South West England.
The 170-miles (274km) of The National Byway® route in South-West England was the first section developed by the Byway organisation. It fittingly starts and finishes in Winchester, ancient capital of England. It heads west to Wiltshire and Dorset, into the cradle of English civilisation, along a circular route which can be ridden either way.
This is an ancient part of Britain, where stone ‘henges’ reach mysteriously into the sky, strange figures are cut into the chalk and ancient burial grounds dot the landscape; where Roman roads cut their way direct across the landscape and primeval earthworks stand sentinel in now-peaceful countryside.
Along the way, the Byway’s South-West England route visits Georgian Stockbridge and lovely Mottisfont Abbey in Hampshire, as well as the fringes of the New Forest. In Wiltshire there is Old Sarum (the original Salisbury) and the peaceful Wylye Valley en route to Tisbury, where The National Byway’s first-ever Loop was developed. Nearby is the splendour of Old Wardour Castle before the route crosses into Dorset to Shaftesbury, where a dismount is definitely recommended on cobbled Gold Hill.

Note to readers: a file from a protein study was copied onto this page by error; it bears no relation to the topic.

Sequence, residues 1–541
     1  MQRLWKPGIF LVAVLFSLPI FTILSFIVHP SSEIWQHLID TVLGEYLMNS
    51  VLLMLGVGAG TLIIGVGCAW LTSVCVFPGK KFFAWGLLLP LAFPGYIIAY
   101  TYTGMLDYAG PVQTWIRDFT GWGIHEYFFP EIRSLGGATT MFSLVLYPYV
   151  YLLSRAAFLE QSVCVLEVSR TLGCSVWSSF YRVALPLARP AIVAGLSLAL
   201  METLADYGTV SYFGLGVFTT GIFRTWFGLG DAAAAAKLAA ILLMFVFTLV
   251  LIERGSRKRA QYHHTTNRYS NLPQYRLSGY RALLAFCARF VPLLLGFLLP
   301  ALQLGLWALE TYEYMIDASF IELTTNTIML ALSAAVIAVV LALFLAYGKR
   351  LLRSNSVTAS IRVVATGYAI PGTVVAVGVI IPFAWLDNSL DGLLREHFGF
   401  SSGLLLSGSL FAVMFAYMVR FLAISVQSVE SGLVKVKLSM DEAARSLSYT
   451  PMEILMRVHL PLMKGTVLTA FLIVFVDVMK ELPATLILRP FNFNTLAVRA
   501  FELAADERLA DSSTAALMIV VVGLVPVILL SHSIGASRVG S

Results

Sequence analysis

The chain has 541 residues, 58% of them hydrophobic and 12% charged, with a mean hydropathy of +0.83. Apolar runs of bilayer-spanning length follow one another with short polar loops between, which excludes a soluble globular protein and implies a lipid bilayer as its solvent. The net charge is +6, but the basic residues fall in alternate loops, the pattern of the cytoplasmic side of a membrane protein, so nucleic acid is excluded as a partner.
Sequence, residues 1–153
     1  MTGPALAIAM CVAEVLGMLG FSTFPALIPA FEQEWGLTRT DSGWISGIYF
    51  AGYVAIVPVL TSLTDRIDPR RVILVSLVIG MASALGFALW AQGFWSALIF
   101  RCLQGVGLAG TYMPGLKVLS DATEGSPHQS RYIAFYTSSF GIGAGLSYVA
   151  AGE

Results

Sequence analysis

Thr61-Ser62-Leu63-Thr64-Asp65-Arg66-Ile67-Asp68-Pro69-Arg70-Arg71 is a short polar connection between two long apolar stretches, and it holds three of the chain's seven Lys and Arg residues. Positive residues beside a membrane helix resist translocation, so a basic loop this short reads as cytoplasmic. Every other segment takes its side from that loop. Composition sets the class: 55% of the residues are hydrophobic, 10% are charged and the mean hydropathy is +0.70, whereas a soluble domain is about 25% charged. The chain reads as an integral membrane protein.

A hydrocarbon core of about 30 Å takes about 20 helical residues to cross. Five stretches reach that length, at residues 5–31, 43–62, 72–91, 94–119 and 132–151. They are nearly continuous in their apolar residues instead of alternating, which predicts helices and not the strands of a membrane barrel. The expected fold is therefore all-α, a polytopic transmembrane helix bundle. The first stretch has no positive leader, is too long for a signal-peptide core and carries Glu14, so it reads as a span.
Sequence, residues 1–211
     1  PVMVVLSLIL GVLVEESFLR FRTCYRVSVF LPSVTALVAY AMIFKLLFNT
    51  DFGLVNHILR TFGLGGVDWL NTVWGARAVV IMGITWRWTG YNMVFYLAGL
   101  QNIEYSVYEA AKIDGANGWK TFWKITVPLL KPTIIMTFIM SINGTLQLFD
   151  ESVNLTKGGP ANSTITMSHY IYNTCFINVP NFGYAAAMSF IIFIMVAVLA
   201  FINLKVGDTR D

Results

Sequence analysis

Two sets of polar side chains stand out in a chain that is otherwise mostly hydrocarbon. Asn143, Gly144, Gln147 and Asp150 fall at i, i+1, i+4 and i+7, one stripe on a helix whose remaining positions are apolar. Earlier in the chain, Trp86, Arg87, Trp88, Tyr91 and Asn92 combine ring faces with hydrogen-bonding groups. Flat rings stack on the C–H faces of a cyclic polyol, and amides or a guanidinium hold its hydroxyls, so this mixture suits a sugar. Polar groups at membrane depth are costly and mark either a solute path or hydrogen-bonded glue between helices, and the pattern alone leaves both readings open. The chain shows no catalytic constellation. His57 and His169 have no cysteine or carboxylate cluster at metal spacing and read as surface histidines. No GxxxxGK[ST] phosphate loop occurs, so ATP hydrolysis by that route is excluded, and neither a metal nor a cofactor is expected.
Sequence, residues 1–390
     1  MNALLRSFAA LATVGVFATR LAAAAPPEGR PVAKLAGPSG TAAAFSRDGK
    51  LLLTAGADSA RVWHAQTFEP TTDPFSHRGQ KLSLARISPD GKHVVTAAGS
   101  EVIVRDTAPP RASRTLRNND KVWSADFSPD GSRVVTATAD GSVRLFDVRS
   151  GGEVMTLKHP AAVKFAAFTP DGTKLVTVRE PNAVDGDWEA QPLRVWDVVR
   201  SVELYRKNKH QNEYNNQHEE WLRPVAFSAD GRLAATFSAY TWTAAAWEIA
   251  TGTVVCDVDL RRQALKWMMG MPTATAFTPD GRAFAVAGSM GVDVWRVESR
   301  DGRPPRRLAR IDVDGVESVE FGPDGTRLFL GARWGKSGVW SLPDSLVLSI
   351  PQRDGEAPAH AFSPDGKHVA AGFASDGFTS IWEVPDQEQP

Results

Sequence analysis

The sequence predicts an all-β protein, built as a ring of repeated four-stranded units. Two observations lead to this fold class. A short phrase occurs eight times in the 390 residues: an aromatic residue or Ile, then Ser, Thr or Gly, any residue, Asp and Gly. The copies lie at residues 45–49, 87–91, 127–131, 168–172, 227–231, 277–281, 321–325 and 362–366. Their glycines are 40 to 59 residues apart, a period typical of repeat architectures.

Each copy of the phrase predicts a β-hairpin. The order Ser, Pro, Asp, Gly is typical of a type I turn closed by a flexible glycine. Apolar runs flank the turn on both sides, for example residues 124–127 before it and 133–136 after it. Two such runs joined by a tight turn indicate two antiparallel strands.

The Byway continues to the west of Shaftesbury, on to ancient Glastonbury as well as joining The National Byway® West Midlands route at Cirencester.
On the return route into Hampshire the Byway passes through Cranborne Chase and Breamore with its fine Saxon church, then by way of bustling Fordingbridge to the peace of the New Forest. North of here the route rejoins the westward section and returns along the old Roman road to Winchester.